Insulation: crucial in energy renovation

TRIAS ENERGETICA

Energy efficient renovation requires a well thought-out approach to the entire building envelope. As far as new buildings are concerned, houses will be built to be increasingly energy efficient in the future, partly as a result of the increasingly stringent EPB regulations. For the existing housing stock, however, there is still a lot of work to be done!

Energy efficient renovation requires a well thought-out approach to the entire building envelope. As far as new buildings are concerned, houses will be built to be increasingly energy efficient in the future, partly as a result of the increasingly stringent EPB regulations. For the existing housing stock, however, there is still a lot of work to be done!

Sustainable building starts with smart insulation, states Dirk Vermeulen, Head of Technical Management at Recticel Insulation. Energy efficient renovation requires a well thought-out approach to the entire building envelope. As far as new buildings are concerned, houses will be built to be increasingly energy efficient in the future, partly as a result of the increasingly stringent EPB regulations. For the existing housing stock, however, there is still a lot of work to be done!

Belgian households, the second largest energy wasters in Europe

Belgian households, with average 1.42 tons of CO2 emissions per capita, are the second largest energy wasters in Europe, an emission almost twice as high as the European average. Most of these CO2 emissions are due to energy consumption for space heating. And here the characteristics of the Belgian housing stock play a major role.

Belgium, like Europe, has an old housing stock. No less than 38.3% of all housing in Belgium was built before 1946. In addition, the average surface area of Belgian residential buildings is the third largest in Europe at 124.3 m², and we traditionally have a high proportion of detached houses. These three factors together are the cause of our increased energy consumption for space heating in Belgium and even result in the second largest energy consumption in Europe.

Need for a new wave of renovation in Belgium

To meet the 2050 energy targets, the renovation market is crucial. Today, people mainly renovate to modernize their homes (a new bathroom, an open kitchen) and energy savings tend to take second place as a renovation driver. However, you can save a lot in the long run with an energy renovation.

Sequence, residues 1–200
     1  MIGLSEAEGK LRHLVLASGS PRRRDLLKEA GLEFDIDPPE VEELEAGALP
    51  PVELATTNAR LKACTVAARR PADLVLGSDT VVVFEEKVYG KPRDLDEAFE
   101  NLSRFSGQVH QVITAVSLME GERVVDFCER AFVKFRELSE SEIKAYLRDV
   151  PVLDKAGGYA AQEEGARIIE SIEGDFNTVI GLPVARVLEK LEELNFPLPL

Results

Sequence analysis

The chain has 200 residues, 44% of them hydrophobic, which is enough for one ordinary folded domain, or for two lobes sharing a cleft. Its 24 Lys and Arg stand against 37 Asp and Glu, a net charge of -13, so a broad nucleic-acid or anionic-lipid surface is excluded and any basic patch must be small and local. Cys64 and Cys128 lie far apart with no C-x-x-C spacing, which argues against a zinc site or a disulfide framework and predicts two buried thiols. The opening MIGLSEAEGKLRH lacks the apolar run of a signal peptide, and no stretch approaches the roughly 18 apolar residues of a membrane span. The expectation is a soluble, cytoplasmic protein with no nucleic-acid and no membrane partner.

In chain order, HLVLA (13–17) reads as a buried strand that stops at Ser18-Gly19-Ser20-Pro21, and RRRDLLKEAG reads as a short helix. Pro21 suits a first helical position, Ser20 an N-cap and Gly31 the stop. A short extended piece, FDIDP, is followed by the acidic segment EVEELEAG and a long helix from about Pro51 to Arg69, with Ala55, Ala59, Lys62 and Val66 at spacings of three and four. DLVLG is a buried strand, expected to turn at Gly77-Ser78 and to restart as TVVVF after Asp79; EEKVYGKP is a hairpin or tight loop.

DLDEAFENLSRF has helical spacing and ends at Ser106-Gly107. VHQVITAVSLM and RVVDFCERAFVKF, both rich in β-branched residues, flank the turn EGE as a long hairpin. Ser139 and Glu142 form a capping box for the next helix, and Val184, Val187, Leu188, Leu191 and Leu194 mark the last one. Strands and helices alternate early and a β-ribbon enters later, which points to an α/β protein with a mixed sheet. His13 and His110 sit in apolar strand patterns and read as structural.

Roof, wall and floor insulation are the interventions par excellence to drastically reduce the energy consumption in a house in a sustainable way.

The Trias Energetica principle is important here, a three-step strategy to achieve an energy-efficient design:

  1. Reduce energy demand by eliminating waste,
  2. Make maximum use of energy from sustainable sources (sun, wind, soil, water),
  3. Use fossil fuels as efficiently as possible for the remaining energy demand (e.g. by means of a heat pump or a condensing boiler).

It is high time for a new wave of renovation in Belgium, because the challenges in renovation are not insignificant.

20% of Belgian homes today have no roof insulation at all. In addition, we should not lose sight of the fact that in the remaining 80% of roofs, a large part will be insufficiently insulated. Walls and floors could also use some extra insulation. After all, the figures tell us that the potential is even greater this way.

When renovating, a thorough analysis of the existing situation is absolutely necessary. Drawing up a renovation strategy is also a must in order to bring the project to a successful conclusion. Renovation can be done in different phases. A logical sequence of works is best respected to avoid failure costs or problems. A classic example is the facade, which is only insulated a few years after the roofing works. Often, the gutters must then be adapted again because of the extra thickness of the facade. This thickness compensation can best be included in the roofing works from the start.

Read this new report that shows where our challenges lie in the direction of Green Deal 2050 and how we can all strive for a near-zero energy home.

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